Mix in edible ornamentals
If you've always grown your veg separately from your ornamentals, why not relax your border control and allow a few gorgeous and delicious edible migrants into the flower bed.
Allow me to suggest three: the daylily’s (Hemerocallis spp.) ephemeral beauty is an invitation to eating the flowerheads. The flowers bloom and die within a day, so you’re only sparing them the indignity of decay if you pick them at their peak in late afternoon.
Carolina allspice (Calycanthus floridus), a glossy-leaved bush, produces eye-catching, aromatic (though poisonous) flowers in good summers, while the bark is a spicy cinnamon substitute.
Chilean guava (Ugni molinae) is a smallish shrub that has small pink-white bell flowers from late spring, ripening small blueberry-like fruit (Queen Victoria’s favourite) in early autumn. It may get knocked back by the cold but comes flying back in spring.
Find out more about edible ornamentals
Grow early potatoes
Homegrown maincrop potatoes are often little better than those you can buy, they occupy space for months and are at the mercy of blight. Why not grow delicious, expensive-to-buy early varieties such as Edzell Blue, Belle de Fontenay or International Kidney (aka Jersey Royal)?
The more adventurous may like to try a couple of other South American tubers. Yacon (Smallanthus sonchifolius) looks like a large baking potato yet tastes of green apples, pears and faintly of celery; rather than turning green, it sweetens in the sun. Oca (Oxalis tuberosa) looks like a rather jazzy new potato with its patches of red and pink. It has a gently sharp lemon flavour – not unlike sorrel – when freshly dug, and again, it sweetens in the sun. Both are delicious raw or cooked, unavailable in the shops and, happily, unaffected by blight.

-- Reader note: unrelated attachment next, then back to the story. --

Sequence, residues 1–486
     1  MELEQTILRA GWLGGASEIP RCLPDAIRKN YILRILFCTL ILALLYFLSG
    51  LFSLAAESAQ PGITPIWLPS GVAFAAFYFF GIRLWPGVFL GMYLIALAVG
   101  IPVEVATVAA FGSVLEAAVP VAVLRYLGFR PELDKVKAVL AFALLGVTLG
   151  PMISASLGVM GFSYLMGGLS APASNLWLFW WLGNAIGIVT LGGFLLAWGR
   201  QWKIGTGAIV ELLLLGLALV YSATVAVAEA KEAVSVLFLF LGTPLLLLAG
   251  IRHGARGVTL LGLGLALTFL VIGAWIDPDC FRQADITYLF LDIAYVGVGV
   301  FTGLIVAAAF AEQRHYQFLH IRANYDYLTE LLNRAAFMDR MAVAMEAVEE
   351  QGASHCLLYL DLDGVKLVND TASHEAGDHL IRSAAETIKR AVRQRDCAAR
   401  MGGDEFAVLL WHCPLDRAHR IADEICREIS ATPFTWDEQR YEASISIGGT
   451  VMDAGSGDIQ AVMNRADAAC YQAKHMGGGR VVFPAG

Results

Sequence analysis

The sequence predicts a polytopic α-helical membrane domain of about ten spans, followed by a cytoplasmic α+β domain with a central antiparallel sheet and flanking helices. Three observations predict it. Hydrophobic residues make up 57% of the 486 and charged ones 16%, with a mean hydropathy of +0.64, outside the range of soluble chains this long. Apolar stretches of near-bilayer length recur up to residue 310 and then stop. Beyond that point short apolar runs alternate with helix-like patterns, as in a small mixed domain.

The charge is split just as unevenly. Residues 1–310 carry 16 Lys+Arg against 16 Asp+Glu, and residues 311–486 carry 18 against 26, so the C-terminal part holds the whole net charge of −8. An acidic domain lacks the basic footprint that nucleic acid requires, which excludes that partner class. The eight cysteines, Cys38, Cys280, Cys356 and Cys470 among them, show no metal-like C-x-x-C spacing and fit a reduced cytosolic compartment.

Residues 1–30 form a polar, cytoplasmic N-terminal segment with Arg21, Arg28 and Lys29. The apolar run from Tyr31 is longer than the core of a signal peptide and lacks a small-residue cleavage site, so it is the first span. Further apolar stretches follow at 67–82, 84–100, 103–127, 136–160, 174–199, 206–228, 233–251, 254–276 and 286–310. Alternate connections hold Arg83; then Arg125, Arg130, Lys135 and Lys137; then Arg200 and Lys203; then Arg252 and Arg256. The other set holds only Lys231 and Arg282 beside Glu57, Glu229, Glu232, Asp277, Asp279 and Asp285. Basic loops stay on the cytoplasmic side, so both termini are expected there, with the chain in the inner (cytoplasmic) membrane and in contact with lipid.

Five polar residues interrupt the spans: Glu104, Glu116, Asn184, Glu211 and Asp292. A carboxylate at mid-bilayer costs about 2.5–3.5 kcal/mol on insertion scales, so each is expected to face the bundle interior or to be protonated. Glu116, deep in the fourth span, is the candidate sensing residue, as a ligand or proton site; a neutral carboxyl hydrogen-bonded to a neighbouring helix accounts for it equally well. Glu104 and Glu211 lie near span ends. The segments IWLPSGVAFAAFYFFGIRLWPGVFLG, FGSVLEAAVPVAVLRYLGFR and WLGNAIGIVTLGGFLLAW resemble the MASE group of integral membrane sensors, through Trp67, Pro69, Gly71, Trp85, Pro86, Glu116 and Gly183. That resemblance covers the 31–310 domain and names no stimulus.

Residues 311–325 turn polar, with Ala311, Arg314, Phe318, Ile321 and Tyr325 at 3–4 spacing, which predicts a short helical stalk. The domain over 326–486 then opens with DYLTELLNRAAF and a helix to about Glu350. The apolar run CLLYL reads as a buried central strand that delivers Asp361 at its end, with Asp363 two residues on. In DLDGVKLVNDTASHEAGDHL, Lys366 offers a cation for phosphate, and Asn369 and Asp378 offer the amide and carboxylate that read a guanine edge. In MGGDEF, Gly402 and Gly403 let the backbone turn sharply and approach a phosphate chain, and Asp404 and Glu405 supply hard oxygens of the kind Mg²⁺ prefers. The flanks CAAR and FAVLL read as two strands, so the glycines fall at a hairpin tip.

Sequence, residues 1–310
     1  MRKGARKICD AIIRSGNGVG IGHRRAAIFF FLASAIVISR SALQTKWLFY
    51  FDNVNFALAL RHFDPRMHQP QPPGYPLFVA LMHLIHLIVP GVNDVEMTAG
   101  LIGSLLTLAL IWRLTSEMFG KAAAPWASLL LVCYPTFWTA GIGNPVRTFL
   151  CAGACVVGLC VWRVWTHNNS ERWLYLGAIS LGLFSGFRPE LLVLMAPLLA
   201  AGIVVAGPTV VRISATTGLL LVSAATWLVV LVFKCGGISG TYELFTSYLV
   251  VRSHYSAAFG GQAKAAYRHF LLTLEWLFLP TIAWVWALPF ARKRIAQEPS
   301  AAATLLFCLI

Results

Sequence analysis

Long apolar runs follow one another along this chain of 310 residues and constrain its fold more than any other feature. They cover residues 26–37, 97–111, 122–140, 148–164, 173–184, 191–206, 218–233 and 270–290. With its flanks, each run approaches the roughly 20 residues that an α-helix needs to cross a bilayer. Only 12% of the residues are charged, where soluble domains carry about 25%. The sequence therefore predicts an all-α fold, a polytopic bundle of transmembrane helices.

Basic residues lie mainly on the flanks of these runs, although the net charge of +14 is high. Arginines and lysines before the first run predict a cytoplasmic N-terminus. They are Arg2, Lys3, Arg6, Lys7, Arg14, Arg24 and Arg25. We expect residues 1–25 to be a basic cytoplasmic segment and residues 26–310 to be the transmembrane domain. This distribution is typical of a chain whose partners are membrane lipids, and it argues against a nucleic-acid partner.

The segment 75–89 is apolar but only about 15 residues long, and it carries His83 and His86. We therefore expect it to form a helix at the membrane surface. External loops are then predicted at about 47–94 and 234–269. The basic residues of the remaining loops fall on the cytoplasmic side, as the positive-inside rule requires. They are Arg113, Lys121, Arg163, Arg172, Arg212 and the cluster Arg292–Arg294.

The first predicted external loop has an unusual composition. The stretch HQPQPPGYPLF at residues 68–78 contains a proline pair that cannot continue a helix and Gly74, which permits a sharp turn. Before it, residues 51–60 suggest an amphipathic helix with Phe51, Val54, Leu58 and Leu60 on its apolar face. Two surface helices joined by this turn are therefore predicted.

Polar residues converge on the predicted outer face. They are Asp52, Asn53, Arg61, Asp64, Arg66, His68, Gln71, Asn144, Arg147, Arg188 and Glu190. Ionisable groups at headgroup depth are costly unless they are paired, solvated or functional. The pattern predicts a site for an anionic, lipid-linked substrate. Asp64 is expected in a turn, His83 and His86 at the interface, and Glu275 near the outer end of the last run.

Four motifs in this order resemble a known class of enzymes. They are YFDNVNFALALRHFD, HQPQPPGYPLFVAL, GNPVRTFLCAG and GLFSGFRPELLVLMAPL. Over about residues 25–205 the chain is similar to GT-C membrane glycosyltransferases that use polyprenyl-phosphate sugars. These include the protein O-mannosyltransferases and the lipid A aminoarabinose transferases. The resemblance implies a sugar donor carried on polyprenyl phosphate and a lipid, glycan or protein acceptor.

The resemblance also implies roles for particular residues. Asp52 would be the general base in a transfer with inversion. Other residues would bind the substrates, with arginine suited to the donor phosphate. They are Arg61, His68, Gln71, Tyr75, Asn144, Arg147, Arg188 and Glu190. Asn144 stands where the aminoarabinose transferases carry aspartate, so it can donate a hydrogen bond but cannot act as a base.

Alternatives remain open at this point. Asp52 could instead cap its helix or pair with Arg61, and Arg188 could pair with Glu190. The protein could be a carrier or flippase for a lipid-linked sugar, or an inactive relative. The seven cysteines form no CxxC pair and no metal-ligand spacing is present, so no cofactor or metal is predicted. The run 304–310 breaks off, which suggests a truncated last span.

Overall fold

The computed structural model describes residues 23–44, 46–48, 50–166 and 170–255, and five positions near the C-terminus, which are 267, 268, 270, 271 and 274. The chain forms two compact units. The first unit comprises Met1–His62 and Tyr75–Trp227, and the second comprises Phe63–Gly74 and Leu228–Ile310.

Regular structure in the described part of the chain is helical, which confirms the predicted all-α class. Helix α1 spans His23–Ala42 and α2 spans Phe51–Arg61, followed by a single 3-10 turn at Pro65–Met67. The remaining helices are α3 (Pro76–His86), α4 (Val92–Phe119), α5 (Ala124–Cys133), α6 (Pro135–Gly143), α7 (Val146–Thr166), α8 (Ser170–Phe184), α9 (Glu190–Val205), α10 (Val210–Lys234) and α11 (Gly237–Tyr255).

Plant dwarf fruit trees
Make your garden more fruitful, whatever its size, by planting dwarf varieties of quince, peaches, apricots, pears, almonds and plums. These new small trees may grow to only 1.5m (5ft) or so and yet be very productive. Feed and water them well and they’ll be happy in a large container, too.
Plant unusual herbs
Why not plant some wonderful, lesser-known herbs to liven up your suppers, as well as your garden?
Sweet cicely is as widely grown on the continent as it is overlooked in this country. Its gently aniseedy leaves and seeds enhance the flavour of other leafy herbs. It also gives the impression of sweetening sour flavours: add the leaves or seeds to rhubarb or gooseberries and you’ll be able to halve the amount of sugar you’d ordinarily use.
Lovage is savoury to a fault, almost a vegetable stock in leaf form – so use it sparingly in soups and stews. Wrap leaves around a crumbly cheese (such as Lancashire) for a week or two to impact a wonderful savoury depth to the cheese.
Lemon thyme carries a deep, authentic lemon tang that lends itself to pork or fruit salads in particular. Try it in cocktails, too. All three herbs are perennial and low maintenance.
Sow green manure
Most of us have parts of our garden that have (how shall I put this?) yet to meet our fullest imaginings for them. Sowing a flowering green manure such as phacelia will cover any bare areas you may have and looks wonderful. It will also protect and nourish the soil and attract beneficial insects until you get around to planting it as you’d like.
Find out more about green manure
Let some parsnips flower
If you’ve grown parsnips this year, do leave some to grow on for next year – they will flower beautifully. Cleve West used them in his Best in Show Chelsea Garden in 2011. Having done this once you’ll find yourself sowing them in with the ornamentals every year. Try it with salsify too.